Stress after the end of the year: how to recover


O World Health Organization (WHO) defines the phenomenon of stress as the physiological reactions that together prepare the body for action. Considered from this point of view, Stress would be an alarm, a stimulus that leads to action, a necessary response to survival which may be consistent with the requirements of the environment, or insufficient or exaggerated.

When this natural response occurs in excess, there is an overload of tension that affects the human body and causes the onset of diseases and pathological abnormalities that impede the development and normal functioning of the human body.

So we can differentiate two types of stress. The first we could call "Physiological" or acute stress. It is an adaptive mechanism for well defined situations. In this situation, our body releases hormones that make the brain more alert, making the muscles tense and increasing the pulse and blood pressure. In the short term, these reactions are favorable because they help manage the stressful situation. This is how the body protects itself.

O Chronic stress, however, lasts for an extended period of time. In this way, these hormonal changes being permanent, favor psychic, physical and immunological disorders (our defense system) causing diseases such as: hypertension, cerebrovascular infarctions, diabetes, obesity, depression or anxiety, skin problems such as acne or eczema; menstrual disorders or cancer.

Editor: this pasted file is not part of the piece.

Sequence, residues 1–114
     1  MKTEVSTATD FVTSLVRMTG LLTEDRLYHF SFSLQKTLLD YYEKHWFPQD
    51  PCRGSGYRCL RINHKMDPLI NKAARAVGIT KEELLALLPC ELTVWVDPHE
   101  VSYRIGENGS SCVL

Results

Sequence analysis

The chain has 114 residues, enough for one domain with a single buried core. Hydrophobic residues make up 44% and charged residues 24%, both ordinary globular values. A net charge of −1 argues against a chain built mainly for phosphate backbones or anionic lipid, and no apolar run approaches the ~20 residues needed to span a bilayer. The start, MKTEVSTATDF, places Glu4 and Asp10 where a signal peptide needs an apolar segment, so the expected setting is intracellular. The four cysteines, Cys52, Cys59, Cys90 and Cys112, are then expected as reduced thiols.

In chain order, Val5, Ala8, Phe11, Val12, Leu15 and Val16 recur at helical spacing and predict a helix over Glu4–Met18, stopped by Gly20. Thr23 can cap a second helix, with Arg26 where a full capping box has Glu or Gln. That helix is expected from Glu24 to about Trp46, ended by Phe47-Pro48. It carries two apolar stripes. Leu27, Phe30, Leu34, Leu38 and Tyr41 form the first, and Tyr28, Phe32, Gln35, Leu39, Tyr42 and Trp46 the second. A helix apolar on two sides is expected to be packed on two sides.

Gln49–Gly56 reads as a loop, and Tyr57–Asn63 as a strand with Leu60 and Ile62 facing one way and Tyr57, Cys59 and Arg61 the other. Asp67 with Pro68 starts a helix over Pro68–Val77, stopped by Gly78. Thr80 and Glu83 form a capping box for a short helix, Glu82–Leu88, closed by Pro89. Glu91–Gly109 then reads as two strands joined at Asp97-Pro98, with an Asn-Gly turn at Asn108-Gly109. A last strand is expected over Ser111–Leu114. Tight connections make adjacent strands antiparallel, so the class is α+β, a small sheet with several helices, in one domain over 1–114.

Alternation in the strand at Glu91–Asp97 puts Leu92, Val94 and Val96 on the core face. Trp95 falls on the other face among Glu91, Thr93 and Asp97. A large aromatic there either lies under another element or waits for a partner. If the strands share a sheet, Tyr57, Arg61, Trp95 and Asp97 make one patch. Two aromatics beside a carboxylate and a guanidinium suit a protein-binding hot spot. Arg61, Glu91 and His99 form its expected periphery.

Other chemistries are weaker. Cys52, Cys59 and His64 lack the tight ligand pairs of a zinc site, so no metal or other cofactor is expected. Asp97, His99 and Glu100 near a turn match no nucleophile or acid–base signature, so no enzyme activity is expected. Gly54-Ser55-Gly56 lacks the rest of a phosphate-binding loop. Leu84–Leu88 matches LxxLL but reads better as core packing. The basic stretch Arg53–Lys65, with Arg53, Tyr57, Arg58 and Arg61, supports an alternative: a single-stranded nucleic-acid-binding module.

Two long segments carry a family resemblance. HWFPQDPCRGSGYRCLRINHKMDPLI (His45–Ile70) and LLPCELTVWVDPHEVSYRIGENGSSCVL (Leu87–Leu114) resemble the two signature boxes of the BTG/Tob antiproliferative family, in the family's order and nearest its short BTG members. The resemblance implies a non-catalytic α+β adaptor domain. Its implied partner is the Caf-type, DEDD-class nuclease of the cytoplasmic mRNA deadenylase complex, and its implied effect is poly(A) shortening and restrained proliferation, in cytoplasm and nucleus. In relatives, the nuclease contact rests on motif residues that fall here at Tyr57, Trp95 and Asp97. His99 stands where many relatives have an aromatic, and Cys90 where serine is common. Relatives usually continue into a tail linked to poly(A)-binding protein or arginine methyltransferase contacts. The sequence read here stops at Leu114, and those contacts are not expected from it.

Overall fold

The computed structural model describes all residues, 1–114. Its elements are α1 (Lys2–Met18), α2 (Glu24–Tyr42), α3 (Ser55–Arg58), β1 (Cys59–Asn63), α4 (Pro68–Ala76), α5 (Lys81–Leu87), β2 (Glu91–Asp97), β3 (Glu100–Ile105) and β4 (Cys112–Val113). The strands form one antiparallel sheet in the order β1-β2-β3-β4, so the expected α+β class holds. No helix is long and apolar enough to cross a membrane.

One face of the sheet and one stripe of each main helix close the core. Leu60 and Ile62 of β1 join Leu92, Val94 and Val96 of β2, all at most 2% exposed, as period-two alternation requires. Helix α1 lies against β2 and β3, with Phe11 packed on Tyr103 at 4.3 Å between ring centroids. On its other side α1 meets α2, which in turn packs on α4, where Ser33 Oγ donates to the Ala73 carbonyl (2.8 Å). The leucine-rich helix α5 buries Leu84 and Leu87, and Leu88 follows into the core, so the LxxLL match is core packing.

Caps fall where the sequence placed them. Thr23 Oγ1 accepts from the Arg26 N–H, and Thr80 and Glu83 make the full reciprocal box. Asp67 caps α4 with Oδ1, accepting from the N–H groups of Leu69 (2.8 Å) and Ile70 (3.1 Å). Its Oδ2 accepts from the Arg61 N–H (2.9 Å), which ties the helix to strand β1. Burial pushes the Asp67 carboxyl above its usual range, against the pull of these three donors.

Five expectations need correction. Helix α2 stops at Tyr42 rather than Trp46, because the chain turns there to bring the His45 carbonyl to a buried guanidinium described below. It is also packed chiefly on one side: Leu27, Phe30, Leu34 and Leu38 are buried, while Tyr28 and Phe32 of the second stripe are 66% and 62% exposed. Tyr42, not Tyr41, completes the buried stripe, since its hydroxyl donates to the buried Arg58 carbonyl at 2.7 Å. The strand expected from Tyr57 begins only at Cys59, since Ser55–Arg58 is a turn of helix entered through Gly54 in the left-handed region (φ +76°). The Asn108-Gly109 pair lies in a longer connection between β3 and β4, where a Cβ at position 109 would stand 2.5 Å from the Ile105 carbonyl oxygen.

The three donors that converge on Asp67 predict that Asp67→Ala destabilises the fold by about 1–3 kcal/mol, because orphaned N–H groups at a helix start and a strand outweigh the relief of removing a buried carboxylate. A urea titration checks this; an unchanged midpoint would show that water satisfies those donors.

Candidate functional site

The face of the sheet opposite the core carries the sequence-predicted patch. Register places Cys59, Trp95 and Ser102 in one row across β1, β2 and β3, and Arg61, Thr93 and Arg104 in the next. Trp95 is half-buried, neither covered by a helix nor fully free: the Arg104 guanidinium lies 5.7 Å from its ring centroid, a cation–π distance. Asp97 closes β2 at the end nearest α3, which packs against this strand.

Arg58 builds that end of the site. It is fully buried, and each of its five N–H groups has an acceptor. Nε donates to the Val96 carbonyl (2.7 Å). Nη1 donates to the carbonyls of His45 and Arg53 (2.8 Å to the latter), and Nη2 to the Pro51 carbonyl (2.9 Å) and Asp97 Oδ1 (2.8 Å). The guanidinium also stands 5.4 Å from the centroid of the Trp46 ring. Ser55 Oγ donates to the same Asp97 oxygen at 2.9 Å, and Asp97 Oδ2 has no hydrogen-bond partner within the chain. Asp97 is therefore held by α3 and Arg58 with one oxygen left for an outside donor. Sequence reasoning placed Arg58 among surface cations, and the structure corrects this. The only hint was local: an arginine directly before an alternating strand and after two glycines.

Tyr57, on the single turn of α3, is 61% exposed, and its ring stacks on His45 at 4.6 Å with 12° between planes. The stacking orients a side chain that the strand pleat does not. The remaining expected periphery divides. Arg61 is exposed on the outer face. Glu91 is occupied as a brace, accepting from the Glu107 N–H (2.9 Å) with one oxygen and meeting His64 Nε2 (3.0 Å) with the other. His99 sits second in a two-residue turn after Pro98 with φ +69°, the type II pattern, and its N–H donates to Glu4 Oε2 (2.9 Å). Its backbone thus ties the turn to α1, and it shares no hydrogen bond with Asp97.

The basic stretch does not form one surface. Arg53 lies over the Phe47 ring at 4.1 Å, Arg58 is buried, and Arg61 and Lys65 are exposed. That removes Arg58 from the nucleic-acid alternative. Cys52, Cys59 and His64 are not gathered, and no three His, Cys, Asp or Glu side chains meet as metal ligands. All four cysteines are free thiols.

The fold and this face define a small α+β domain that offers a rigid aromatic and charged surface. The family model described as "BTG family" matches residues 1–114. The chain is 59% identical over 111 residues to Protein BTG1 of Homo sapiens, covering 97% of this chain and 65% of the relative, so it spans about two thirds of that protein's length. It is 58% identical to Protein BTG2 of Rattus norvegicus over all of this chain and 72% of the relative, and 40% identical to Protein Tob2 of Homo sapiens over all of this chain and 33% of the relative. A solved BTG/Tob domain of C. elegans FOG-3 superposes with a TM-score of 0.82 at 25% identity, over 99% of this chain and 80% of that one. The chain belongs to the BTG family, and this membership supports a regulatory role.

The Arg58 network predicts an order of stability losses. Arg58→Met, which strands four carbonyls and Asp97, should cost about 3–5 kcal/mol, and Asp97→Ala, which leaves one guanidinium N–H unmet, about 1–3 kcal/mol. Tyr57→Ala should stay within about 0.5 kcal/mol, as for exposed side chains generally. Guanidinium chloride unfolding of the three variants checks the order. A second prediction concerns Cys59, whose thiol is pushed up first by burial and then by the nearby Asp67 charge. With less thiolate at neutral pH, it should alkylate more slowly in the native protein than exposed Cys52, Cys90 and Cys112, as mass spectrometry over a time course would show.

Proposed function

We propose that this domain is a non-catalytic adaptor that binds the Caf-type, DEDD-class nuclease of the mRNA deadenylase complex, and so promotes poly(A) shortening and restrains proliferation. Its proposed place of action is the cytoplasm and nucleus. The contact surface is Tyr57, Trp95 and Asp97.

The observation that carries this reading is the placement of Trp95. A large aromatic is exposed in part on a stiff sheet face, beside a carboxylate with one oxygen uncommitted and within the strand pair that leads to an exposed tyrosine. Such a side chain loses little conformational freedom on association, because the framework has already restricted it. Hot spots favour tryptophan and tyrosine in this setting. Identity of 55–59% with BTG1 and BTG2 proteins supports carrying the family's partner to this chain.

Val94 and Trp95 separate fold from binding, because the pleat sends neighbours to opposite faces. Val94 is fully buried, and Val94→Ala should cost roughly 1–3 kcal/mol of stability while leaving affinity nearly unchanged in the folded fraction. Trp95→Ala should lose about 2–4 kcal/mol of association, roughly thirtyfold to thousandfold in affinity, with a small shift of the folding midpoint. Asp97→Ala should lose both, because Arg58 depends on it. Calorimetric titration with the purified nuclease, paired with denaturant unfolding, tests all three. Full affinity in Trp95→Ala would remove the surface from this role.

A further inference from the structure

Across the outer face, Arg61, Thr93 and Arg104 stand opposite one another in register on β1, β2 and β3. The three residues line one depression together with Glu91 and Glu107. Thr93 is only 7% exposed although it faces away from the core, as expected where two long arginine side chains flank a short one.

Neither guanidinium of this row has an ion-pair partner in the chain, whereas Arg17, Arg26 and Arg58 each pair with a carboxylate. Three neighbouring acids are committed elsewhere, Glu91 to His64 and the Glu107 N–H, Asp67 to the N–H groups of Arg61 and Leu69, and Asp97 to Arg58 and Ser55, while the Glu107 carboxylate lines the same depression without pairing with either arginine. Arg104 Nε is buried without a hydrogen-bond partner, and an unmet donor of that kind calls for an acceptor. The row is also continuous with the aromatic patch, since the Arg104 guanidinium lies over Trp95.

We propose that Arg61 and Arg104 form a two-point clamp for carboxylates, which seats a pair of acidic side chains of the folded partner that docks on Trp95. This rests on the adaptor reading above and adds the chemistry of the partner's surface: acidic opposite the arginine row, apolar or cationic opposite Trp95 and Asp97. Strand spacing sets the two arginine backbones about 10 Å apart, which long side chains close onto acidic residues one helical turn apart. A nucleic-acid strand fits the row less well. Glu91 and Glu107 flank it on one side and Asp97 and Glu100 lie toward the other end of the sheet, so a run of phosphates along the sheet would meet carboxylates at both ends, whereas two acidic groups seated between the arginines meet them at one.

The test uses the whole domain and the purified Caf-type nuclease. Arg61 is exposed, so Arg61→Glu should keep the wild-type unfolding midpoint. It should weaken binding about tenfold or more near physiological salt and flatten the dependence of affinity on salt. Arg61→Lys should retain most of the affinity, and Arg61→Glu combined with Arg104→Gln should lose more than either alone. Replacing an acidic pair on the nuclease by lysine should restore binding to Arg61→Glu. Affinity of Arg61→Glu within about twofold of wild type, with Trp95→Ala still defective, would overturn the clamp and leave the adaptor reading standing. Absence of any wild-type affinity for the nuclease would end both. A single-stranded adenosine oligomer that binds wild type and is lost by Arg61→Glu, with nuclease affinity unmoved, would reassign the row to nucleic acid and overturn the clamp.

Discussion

Chronic stress can cause many kinds of physical and emotional symptoms. These include diarrhea or constipation, memory loss, headaches, lack of energy or concentration, sexual problems, stiff neck or jaw, tiredness, difficulty sleeping or sleeping too much, stomach upset, alcohol or drug use, loss or gain of weight, pain and generalized disorders.

Obviously, as the end of the year approaches, the symptoms can be accentuated due to the proximity of holidays, festivities and extra obligations that are added at this time of year. If you present and report any of the symptoms, it is advisable to consult your doctor.

An important resource is to take advantage of the rest period to plan independent external activities that schedule a trip or not.

Establish more contact with nature; perform physical activity and, if possible, schedule for the next year:

  • Achievable Objectives
  • Design aspects of healthy eating in the hands of a health professional
  • Perform meditation, yoga, reading exercises
  • Dosing the consumption of news, limiting it to being informed but not "saturated"
  • Make contacts with friends and family that may have been neglected in the year

In short, Trying to take control of our lives and social vertigo does not lead us to a life without direction or meaning.

Perhaps these tips seem utopian, but real changes are generated from within with self-interest, awareness, and planning.

* Dr. Miguel C. Sangiovanni (M.N 78.412 – M.P 222.789) is a clinical doctor, master in arterial hypertension and vascular mechanics. Medical Director – DIM Cardiovascular


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